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My Child Is Complaining of Heel Pain: Can You Help?

Typically, your kid wakes up filled with boundless energy, ready to take on the world – but suddenly, they’re complaining about a mysterious pain in their heel. 

As a parent, any discomfort in your child can be concerning and confusing, but your frustration worsens when you don’t know why it started or what to do about it. 

In this comprehensive guide, our experts at MidJersey Orthopaedics explain everything you need to know about heel pain in children. We discuss the most frequent offenders, common causes, symptoms, treatments, and crucial preventive measures. 

Sever’s disease

Referred to as a growth plate injury, Sever’s disease (calcaneal apophysitis) affects the heel’s growth plate, resulting in painful swelling. This condition usually stems from repetitive stress or tension on the growth plate where the Achilles tendon attaches.

Risk factors and prevention

Growing pains are part of childhood, but certain factors can increase the likelihood of Sever’s disease. Recognizing these and adopting preventive strategies can significantly lower your child’s risk.

Treating Sever’s 

When it comes to treating Sever’s disease, the first-line approach is rest, ice, stretching, and appropriate footwear. We also help you understand when medical intervention becomes necessary.

Achilles tendonitis in little athletes

Achilles tendonitis, or an inflamed Achilles tendon, is another common cause of heel pain in active children. 

The importance of an Achilles tendonitis diagnosis

Misdiagnosis of Achilles tendonitis can lead to prolonged pain and potential complications, so it’s important to work with an experienced professional, like those on our MidJersey Orthopaedics team, who understand children’s unique anatomical development and offer advanced pediatric orthopaedic procedures.  

How to care for Achilles tendonitis at home

You can help your child recover from Achilles tendonitis at home by using the RICE (rest, ice, compression, elevation) protocol and introducing gentle exercises. These measures alleviate the immediate pain and help prevent recurrences.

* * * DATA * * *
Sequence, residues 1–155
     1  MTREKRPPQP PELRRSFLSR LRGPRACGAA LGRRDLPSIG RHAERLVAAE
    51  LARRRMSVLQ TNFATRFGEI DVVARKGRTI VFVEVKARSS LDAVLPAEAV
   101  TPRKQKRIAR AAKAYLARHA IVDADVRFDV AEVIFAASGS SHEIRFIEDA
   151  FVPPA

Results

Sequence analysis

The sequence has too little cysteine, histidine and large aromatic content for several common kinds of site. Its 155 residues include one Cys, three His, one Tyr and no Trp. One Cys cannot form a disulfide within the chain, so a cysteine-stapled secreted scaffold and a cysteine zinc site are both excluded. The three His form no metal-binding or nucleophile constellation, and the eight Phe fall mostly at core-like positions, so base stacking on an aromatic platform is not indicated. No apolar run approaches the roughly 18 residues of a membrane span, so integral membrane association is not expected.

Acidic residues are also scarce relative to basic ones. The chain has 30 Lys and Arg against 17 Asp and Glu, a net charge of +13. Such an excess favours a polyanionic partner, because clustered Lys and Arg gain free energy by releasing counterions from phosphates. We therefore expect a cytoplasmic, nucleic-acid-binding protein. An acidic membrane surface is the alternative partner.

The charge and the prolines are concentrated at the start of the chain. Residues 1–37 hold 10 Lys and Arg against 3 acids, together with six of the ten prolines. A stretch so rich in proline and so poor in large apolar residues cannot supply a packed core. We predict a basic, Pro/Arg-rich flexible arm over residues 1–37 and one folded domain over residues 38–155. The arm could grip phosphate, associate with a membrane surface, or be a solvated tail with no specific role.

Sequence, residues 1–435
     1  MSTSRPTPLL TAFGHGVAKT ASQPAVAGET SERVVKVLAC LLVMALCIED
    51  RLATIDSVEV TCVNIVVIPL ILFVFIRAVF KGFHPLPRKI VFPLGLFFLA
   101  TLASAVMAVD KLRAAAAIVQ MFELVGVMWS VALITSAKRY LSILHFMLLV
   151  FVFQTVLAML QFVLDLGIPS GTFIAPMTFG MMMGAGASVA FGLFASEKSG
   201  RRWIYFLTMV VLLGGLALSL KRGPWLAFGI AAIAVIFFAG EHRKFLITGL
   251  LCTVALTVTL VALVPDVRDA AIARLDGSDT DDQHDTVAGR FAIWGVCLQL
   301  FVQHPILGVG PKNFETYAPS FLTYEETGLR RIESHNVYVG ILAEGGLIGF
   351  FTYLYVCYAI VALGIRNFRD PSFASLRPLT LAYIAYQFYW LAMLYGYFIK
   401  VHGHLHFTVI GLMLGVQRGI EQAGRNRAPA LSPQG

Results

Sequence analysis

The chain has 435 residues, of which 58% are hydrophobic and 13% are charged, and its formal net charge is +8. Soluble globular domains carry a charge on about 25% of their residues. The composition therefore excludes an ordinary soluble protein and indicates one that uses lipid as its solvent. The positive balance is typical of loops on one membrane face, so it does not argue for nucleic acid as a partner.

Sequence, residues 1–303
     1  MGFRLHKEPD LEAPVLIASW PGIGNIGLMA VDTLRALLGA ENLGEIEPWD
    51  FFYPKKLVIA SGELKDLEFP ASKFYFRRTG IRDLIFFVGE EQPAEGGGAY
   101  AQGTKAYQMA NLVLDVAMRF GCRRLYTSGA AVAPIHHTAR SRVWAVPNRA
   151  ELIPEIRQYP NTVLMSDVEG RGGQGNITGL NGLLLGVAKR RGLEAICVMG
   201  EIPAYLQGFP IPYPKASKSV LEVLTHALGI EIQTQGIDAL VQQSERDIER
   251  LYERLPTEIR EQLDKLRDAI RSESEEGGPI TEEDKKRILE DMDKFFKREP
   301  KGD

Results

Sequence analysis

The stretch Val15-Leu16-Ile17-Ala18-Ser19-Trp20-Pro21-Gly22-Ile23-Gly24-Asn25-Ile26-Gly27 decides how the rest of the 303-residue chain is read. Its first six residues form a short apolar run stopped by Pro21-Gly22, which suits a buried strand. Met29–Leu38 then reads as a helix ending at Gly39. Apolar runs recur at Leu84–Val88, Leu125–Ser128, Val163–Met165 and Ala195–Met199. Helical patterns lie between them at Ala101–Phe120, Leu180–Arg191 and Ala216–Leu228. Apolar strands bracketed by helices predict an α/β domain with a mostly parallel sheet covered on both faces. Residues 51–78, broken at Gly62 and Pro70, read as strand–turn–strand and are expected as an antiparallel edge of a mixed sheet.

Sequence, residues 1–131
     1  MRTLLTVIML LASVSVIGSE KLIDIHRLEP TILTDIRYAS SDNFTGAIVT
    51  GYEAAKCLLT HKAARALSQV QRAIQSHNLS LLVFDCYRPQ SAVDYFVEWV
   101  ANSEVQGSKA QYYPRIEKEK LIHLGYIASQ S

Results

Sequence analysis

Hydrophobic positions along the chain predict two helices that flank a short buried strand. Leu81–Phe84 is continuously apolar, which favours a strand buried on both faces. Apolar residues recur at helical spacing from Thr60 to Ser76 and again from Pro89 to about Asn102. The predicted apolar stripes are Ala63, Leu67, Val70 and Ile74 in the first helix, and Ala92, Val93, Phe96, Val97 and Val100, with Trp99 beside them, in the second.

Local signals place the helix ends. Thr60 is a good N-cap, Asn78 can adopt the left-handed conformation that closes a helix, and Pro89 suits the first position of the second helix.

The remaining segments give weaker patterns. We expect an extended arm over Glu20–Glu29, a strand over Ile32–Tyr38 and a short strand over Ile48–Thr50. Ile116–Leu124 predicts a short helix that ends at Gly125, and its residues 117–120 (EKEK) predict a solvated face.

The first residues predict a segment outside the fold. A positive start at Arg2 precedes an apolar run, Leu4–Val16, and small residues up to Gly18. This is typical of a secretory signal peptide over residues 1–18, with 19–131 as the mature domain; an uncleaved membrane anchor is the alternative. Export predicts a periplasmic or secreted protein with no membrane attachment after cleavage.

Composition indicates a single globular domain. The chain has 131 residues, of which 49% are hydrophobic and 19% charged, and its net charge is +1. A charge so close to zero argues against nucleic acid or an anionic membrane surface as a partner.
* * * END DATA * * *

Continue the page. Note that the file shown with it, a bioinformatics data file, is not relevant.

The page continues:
A fractured heel

Like in adults, a heel fracture in children is a significant injury that demands careful attention. We outline the symptoms you must watch out for and what a visit to a healthcare provider entails.

Signs of a fractured heel

Understanding the subtle and not-so-subtle symptoms of a heel fracture in children is crucial. We elaborate on the difference between normal pains and the telltale signs that indicate a more severe issue.

Fractured heel recovery

Recovery from a heel fracture can be long and slow. We guide you through the various treatment options and what to expect during rehabilitation, ensuring a smoother path to your child's full recovery.

Plantar fasciitis

Plantar fasciitis is inflammation of the plantar fascia, a thick band of tissue that runs across the bottom of the foot and connects the heel bone to the toes. 

In children, this often manifests as sharp, stabbing pain in the heel, especially noticeable during the first steps in the morning or after periods of rest. Although this condition is more commonly associated with adults, active children and adolescents can get it, too.

The root causes of plantar fasciitis

Several factors can contribute to the development of plantar fasciitis in children, such as overuse during sports, inadequate footwear, or even an unusual foot structure. Recognizing these factors early is crucial in preventing the escalation of symptoms.

Plantar fasciitis treatment

We treat plantar fasciitis with a combination of rest, ice therapy, proper footwear, and stretching exercises. These proactive measures alleviate your child’s discomfort and prevent future problems.

Obesity and heel pain

Carrying extra weight stresses your child’s joints, and their heels take the brunt of the load. Studies show that overweight and obese children have a higher risk of stress and hairline fractures in their heel bones. Understanding this link can help your child make the necessary lifestyle adjustments to alleviate heel pain.

Lifestyle changes for healthier heels

Weight loss is challenging for most adults, but kids have a tougher time because many lack the life experience and maturity to understand the need. You’re your child’s best ally in combating childhood obesity, and you can get them off on the right foot by modeling physical activity and healthy eating habits and offering a supportive environment.

With heel pain and obesity, prevention is better than cure. Our MidJersey Orthopaedics team can help you and your child understand how and why to manage weight and how it can relieve heel pain.

Though no one enjoys being in pain, it is the body’s signal that something isn’t quite right. As a parent, it’s your responsibility to spot these signs and get help. 

By creating a supportive relationship, seeking professional help, and encouraging healthy habits, you can shield your child from heel pain — and we can help.

Request an appointment online, or call MidJersey Orthopaedics in Flemington, Bridgewater, or Washington, New Jersey, or request an appointment online.

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